52 Books by 52 Women: We Need New Names

For a year I’m reading 52 books by women authors whose work I’ve never read before. Click here for previous installments.

We Need New Names is the 2013 debut novel by 32-year-old author NoViolet Bulawayo, born and raised in Zimbabwe and now living in the United States, where she’s a Stegner Fellow at Stanford. It’s told from the point of view of a 10-year-old girl, Darling, in a shantytown in Zimbabwe. The country is never named in the novel—it’s always “our country” and “our language”—but it’s not exactly hidden either, with references to white self-identified “Rhodesians” and the Limpopo River border with South Africa.

NoViolet Bulawayo. Photo by Smeeta Mahanti.

NoViolet Bulawayo. Photo by Smeeta Mahanti.

Not that I know much about Zimbabwe, because lord knows I don’t. That’s one of the disorienting things about reading it, because it’s told through the eyes of a child, and Darling and her friends don’t know anything about the political situation there either. She knows she used to live in a proper house, but then people with bulldozers came and they don’t anymore. The kids don’t go to school because the teachers all moved away. Darling and her friends wander into a slightly more well-off neighborhood to steal guavas and gorge on them, knowing it’ll give them digestive problems almost immediately. They know there are elections and people talking about change, but there are also thugs beating people to death for expressing themselves politically and mobs assembling to drive the few longtime white residents out of their homes.

The kids just see everything around them as normal, accepting whatever comes matter-of-factly. They make up games in which they pretend to be countries or find bin Laden or even reenact the murder of one of their neighbors. When they occasionally reference Paris Hilton or Lady Gaga, it’s disorienting because you never hear about them having any access to television or other electronic devices. American pop culture is sometimes shockingly pervasive.

One of Darling’s fellow 10-year-olds is pregnant and won’t talk about how it happened—she hasn’t talked at all since it happened, in fact—and a scene in which she and her friends decide to get rid of her belly with overheard and misunderstood home remedies is excruciatingly tense as we wonder just how far they’ll go.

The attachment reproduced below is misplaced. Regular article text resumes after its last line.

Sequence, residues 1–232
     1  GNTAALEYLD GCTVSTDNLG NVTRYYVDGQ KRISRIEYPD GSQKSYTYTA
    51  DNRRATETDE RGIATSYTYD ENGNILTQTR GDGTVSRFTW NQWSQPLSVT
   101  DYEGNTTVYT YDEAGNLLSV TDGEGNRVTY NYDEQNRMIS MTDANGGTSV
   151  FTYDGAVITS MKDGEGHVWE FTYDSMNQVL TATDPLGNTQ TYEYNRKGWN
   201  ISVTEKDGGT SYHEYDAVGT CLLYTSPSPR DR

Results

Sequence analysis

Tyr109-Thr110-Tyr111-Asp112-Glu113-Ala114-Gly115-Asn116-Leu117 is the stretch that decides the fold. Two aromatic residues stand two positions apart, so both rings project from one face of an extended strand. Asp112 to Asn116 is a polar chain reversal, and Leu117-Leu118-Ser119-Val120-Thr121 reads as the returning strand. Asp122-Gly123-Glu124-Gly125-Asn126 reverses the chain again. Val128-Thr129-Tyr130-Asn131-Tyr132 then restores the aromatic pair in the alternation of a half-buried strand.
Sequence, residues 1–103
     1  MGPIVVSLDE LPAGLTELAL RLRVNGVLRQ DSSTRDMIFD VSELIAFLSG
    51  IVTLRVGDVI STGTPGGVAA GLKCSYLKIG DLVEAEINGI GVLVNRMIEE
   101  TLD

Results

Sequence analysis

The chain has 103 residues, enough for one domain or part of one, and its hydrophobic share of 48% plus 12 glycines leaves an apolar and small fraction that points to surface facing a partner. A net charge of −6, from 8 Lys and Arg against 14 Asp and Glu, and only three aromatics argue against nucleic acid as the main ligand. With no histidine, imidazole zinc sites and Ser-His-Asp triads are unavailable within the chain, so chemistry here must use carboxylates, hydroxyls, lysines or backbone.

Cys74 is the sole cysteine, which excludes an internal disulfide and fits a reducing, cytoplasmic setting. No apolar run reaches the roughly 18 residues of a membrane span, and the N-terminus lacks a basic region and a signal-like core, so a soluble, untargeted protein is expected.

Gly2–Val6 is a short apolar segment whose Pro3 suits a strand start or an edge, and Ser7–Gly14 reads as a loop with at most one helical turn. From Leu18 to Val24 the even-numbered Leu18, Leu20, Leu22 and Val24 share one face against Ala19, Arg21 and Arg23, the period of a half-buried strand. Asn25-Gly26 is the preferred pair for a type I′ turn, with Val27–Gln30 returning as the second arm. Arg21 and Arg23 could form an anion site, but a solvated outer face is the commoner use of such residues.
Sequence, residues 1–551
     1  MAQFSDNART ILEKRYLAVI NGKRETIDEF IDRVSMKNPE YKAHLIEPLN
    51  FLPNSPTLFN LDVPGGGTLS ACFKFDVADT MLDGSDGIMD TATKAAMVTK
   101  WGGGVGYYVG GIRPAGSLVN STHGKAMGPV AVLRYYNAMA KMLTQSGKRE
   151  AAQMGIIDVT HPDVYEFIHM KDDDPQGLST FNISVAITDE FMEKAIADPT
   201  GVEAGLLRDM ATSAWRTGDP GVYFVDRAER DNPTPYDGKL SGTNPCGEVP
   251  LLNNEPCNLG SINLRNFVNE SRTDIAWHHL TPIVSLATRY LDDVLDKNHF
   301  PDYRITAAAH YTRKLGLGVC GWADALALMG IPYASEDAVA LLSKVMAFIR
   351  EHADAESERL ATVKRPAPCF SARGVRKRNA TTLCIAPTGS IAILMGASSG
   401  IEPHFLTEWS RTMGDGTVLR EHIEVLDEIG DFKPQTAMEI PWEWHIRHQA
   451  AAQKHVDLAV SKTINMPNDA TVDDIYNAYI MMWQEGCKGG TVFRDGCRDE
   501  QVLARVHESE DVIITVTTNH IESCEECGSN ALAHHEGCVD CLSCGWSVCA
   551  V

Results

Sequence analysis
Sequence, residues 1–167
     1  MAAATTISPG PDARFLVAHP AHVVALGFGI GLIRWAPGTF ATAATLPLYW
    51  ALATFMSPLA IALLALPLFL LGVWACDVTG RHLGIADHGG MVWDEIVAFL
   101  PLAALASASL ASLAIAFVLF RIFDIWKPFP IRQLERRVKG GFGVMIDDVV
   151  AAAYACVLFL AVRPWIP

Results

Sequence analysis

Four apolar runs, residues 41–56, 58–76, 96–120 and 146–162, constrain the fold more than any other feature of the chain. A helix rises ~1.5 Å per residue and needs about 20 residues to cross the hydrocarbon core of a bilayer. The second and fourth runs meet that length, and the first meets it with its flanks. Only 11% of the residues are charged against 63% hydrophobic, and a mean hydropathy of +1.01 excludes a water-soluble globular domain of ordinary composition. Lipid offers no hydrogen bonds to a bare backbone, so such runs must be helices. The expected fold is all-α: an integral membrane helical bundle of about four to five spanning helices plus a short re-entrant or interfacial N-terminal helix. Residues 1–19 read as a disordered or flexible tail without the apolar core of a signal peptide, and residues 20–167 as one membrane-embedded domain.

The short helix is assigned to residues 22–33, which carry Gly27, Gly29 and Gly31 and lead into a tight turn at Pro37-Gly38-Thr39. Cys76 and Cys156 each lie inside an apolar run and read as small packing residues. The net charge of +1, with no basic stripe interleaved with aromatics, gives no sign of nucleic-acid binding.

The names in the novel are fantastic. Darling’s friends have names like Bastard and Godknows, and the town preacher is named Prophet Revelations Bitchington Mborro, never called anything for short.

Darling talks a lot about how someday she’ll live in America with her aunt Fostalina in Destroyedmichygen, but it’s so far from her day-to-day life that she may as well be talking about going to live on the moon. So it’s a shock when Darling finally does go to Michigan, just like she said she would, and her transformation into a googling, texting teenager is kind of amazing considering that not long ago she was completely mystified by air conditioning. But Darling’s account of living with her exercise-obsessed aunt and her Ghanaian boyfriend proves no less fascinating, as she gravitates toward other immigrants, and she and her friends give themselves a comprehensive A-to-Z education in online porn.

Along the way there are a couple of heartbreaking poetic chapters about the experience of emigration and Fostalina’s experience of assimilation and deculturization, of losing all the traditions of the old country so as not to stand out. In the gorgeously written chapter “How They Lived,” Bulawayo writes:

“And then our own children were born. We held their American birth certificates tight. We did not name our children after our parents, after ourselves; we feared if we did they would not be able to say their own names, that their friends and teachers would not know how to call them. We gave them names that would make them belong in America, names that did not mean anything to us: Aaron, Josh, Dana, Corey, Jack, Kathleen. When our children were born, we did not bury their umbilical cords under the earth to bind them to the land because we had no land to call ours. We did not hold their heads over smoking herbs to make them strong, did not tie fetishes around their waists to protect them from evil spirits, did not brew beer and spill tobacco on the earth to announce their arrivals to the ancestors. “

It’s a rich and rewarding novel and I’m glad I read it, largely because it gave me a curious glimpse at a cultural experience that I know next to nothing about.

Books read in the challenge so far:

Book 1: Edith Wharton, The Age of Innocence

Book 2: Octavia E. Butler, Kindred

Book 3: Elissa Wald, The Secret Lives of Married Women

Book 4: Kurahashi Yumiko, The Woman with the Flying Head

Book 5: NoViolet Bulawayo, We Need New Names

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  1. 4 / 15 / 2014 6:18 pm

    I am so glad you read this book! So much of what you talk about was my experience with the book too – the disoriented childish conversations, navigating the complicated teen years with the added layer of absorbing a new country and a new culture. Loving the 52 books project!


    • 4 / 16 / 2014 9:27 am

      Thanks, Valerie! And thanks for recommending it.





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